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[ZHUHAI, China] Aerospace giants Boeing and Airbus took potshots at one another at the Zhuhai air show, as the US and European rivals seek to capture more of China's booming aircraft market.
China is one of the Western manufacturers' key battlegrounds, with its travellers taking to the skies in ever-growing numbers.
The country's airlines will need nearly 6,000 new planes worth US$945 billion over the next two decades, Airbus said in its 2016-2035 Global Market Forecast.
Boeing's expectations are even more optimistic, for 6,800 aircraft costing US$1 trillion.
To win favour locally both have built partnerships with Chinese firms.
Airbus has a completion and delivery centre in Tianjin, where workers install furnishings and apply paint to aircraft for the domestic market. It also buys parts such as exit doors, brake blades and wing sections from Chinese suppliers.
Boeing is planning to open a facility with the state-owned Commercial Aircraft Corp of China (COMAC) to paint and install cabins for 737-model planes, the Chinese firm said.
Eric Chen, president of Airbus China, dismissed the Seattle firm's plan as "close to one generation" behind his own firm, saying it was following Airbus's strategy "with a lot of reluctance".
"I got two impressions," he said at a briefing at the China Airshow in Zhuhai, the industry's biggest event in the country. "First one, the decision we made 10 years ago was right. The second impression is that we are well in advance of our competitor."
Darren Hulst, managing director for Northeast Asia marketing at Boeing, earlier told reporters that the Airbus A350 fell short of the 787 widebody plane in range, capacity, carbon emissions, window size and aerodynamics.
"The 787 is capable and has technology and features built into it that are not available on the A350, which was obviously introduced later into the market," he said.
He added the company had 14 China deliveries of 787-9s in 2016 and had secured orders and commitments for 46 more.
While the two megafirms see a sunny future in China, homegrown competitors backed by Beijing aim to beat them at home - and ultimately abroad.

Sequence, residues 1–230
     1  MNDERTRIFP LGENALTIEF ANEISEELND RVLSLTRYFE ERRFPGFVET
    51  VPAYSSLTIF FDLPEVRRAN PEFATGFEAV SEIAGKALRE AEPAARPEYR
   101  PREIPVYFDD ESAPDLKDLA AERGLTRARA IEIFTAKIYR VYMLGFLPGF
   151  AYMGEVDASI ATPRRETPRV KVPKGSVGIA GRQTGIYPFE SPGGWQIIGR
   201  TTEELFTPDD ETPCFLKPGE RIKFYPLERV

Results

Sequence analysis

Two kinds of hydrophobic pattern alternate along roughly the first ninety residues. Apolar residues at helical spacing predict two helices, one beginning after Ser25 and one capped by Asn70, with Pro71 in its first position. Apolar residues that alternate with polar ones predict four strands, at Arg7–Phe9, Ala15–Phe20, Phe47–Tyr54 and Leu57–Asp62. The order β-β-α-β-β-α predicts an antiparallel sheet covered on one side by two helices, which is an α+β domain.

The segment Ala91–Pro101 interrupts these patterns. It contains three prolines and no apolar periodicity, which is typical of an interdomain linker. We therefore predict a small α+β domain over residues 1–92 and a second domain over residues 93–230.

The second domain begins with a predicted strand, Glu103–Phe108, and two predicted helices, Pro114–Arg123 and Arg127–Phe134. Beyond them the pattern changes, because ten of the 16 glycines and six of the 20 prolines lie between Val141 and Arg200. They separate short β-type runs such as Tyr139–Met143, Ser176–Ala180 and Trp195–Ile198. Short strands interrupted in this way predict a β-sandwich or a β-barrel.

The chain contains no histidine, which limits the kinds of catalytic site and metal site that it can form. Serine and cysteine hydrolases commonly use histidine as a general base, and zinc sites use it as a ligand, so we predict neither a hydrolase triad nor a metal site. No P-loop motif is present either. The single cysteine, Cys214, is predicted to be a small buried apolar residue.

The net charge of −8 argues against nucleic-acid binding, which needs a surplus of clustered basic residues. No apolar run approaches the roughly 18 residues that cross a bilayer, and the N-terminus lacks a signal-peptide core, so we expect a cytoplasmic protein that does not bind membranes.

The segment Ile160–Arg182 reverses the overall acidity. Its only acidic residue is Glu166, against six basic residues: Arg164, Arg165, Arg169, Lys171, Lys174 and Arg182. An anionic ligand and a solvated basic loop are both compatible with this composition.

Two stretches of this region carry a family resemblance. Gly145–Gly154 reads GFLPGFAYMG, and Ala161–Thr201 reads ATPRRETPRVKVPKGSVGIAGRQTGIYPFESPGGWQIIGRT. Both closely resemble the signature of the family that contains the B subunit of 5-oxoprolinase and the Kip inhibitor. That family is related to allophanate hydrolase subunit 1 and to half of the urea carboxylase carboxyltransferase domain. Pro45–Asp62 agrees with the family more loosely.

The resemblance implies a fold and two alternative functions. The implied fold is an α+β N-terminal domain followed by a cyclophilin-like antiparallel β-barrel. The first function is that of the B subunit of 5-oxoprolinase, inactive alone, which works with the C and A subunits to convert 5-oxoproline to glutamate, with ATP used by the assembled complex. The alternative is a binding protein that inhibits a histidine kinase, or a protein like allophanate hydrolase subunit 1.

Chinese authorities have urged companies to acquire technology and skills in a range of high-value sectors including aerospace in the "Made in China 2025" plan.
At the same time as it is working with both Boeing and Airbus, COMAC is developing single-aisle jets to compete with them. Its C919 narrow-body is going up against the Boeing 737 and Airbus A320 in the 160-seat segment, which the Chinese company predicts will have more than 17,000 deliveries over the next 20 years.
In Zhuhai COMAC announced that state-owned China Eastern Airlines had committed to buy 20 C919s.
In the summer COMAC's regional jet, the 90-seat ARJ21, flew its first commercial flight after years of delays.
Boeing, Airbus and Canadian regional builder Bombardier all played down the threat of Chinese competition.
But the business climate has darkened for US and European firms in the country, with the American Chamber of Commerce in China reporting this year that more than three-quarters of survey respondents felt "less welcome" there.
Pessimism among European companies hit an all-time high in the summer, according to a European Chamber of Commerce in China report on the "increasingly hostile" business climate.
Chinese-built planes are sure to secure market share in the country, Eric Lin, Hong Kong-based director of Asia transport research with UBS Securities, told AFP.
In the short term, he added, foreign firms have little to fear from Chinese rivals in the developed countries that are their home market.
"But after 10 years, it's hard to say," he noted.
China has a history of adapting foreign technology with remarkable swiftness, turning from a buyer of Russian military aircraft to a producer of advanced stealth jets in 20 years.
Its high speed rail and clean energy industries went from collaborators to competitors faster than global rivals anticipated.
Like all foreign firms with valuable intellectual property operating in China, the aerospace giants understand the risks of training their future rivals, said Christopher Balding, professor of economics at Peking University's HSBC Business School.
But they are stuck between a rock and a hard place, he added, because shareholders want them to fight for Chinese market share.
"Even if they don't come to China, there's a good chance that if they are doing anything innovative it's going to get stolen anyway, so the only thing they are doing is harming their revenue."